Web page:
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megapiano

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- TL;DR Summary
- I need help modifying my N-body simulation's force calculation formula so that galaxy simulations give rise to a spiral-arm aesthetic.

Many years ago, for my high school senior project, I wrote a solver for the N-body problem that is performance-optimized using the Barnes-Hut algorithm. (the optimization algorithm is not relevant to my question.)

In one particular simulation, I simulated a spiral galaxy. The simulation is not meant to be scientifically accurate, but is instead meant to demonstrate the simulator. You can view a video of this simulation below:

Now, as you can see in the video, the galaxy develops pseudo-spiral-arms. I say "pseudo" because the arms are not developed according to density wave theory. Instead, I incorporated a trigonometric function, such as

Here are a couple screenshots from the video that show that

The problem: Now, many years later, I have recovered the source-code of the simulator that is an earlier version of what is used in the video. And in the force calculation of this version of the code, there is no

After many attempts I am unable or recreate the argument that I passed to the

Here is the force calculation as derived from Newton's law of gravitation. The smoothing variable is used to prevent singularities from forming and also to prevent wild sling-shot effects:

forceGravity is a quantity and I calculate the 3d vector to apply to both of the particle's acceleration vectors according to their relative positions.

So, somewhere in there was a

Can anyone figure out/know how to re-implement

Any help is greatly appreciated.

In one particular simulation, I simulated a spiral galaxy. The simulation is not meant to be scientifically accurate, but is instead meant to demonstrate the simulator. You can view a video of this simulation below:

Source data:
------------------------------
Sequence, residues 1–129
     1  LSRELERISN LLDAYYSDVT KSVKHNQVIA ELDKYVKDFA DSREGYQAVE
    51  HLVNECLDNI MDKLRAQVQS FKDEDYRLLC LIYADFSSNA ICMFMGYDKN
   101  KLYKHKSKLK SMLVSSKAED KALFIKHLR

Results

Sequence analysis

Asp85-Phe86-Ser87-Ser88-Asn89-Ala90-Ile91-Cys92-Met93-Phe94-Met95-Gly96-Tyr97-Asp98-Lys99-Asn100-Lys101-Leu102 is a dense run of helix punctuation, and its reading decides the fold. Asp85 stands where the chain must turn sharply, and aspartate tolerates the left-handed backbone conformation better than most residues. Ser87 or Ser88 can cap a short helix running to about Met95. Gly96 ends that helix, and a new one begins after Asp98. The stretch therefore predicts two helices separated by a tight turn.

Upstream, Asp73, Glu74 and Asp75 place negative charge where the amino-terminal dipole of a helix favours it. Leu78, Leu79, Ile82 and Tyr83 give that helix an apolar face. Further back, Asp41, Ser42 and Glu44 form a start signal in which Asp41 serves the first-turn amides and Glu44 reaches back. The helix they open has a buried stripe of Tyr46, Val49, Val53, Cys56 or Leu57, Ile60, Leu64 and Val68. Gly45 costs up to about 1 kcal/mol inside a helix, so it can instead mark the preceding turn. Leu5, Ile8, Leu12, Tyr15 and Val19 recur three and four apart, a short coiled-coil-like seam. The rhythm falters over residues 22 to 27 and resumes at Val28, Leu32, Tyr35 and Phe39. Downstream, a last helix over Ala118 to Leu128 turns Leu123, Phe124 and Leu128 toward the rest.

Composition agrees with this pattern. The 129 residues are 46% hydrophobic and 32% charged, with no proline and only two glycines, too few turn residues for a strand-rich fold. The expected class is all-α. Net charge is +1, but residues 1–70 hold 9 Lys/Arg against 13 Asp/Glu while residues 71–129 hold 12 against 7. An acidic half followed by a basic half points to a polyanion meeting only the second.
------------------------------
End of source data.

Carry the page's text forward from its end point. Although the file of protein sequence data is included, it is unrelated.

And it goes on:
Now, as you can see in the video, the galaxy develops pseudo-spiral-arms. I say "pseudo" because the arms are not developed according to density wave theory. Instead, I incorporated a trigonometric function, such as

`sin()`

, in the gravity-force calculation of the particles. Without this addition, "vanilla" N-body simulations of galaxies **do not**develop the spiral arm structure you see in the video.Here are a couple screenshots from the video that show that

`sin()`

is being used in the force calculation as evidenced by the wave-like streams of particles annotated by the red lines (note that there are N >2 arms in these screenshots. In the video, if you keep watching, the number of these is reduced and the existing arms grow in size.)The problem: Now, many years later, I have recovered the source-code of the simulator that is an earlier version of what is used in the video. And in the force calculation of this version of the code, there is no

`sin()`

implementation in the force calculation, and thus, I cannot reproduce the spiral-galaxy aesthetic that is seen in the video: the pseudo-spiral-arms do not form.After many attempts I am unable or recreate the argument that I passed to the

`sin()`

function or where I even put it in the force calculation.Here is the force calculation as derived from Newton's law of gravitation. The smoothing variable is used to prevent singularities from forming and also to prevent wild sling-shot effects:

`forceGravity = (G * particleMass1 * particleMass2) / (distanceBetweenParticles^2 + smoothing)`

forceGravity is a quantity and I calculate the 3d vector to apply to both of the particle's acceleration vectors according to their relative positions.

So, somewhere in there was a

`sin()`

function that gave rise to the aesthetic of spiral arms.Can anyone figure out/know how to re-implement

`sin()`

in the force calculation? I think it was used as a coefficient or something, but I'm unsure what I passed as the parameter to the function. Candidates for variables used in the formula passed as the parameter may include: distance to galactic center, expected galactic radius, something to do with the position of the particles relative to the galactic center, or others that I can't think of.Any help is greatly appreciated.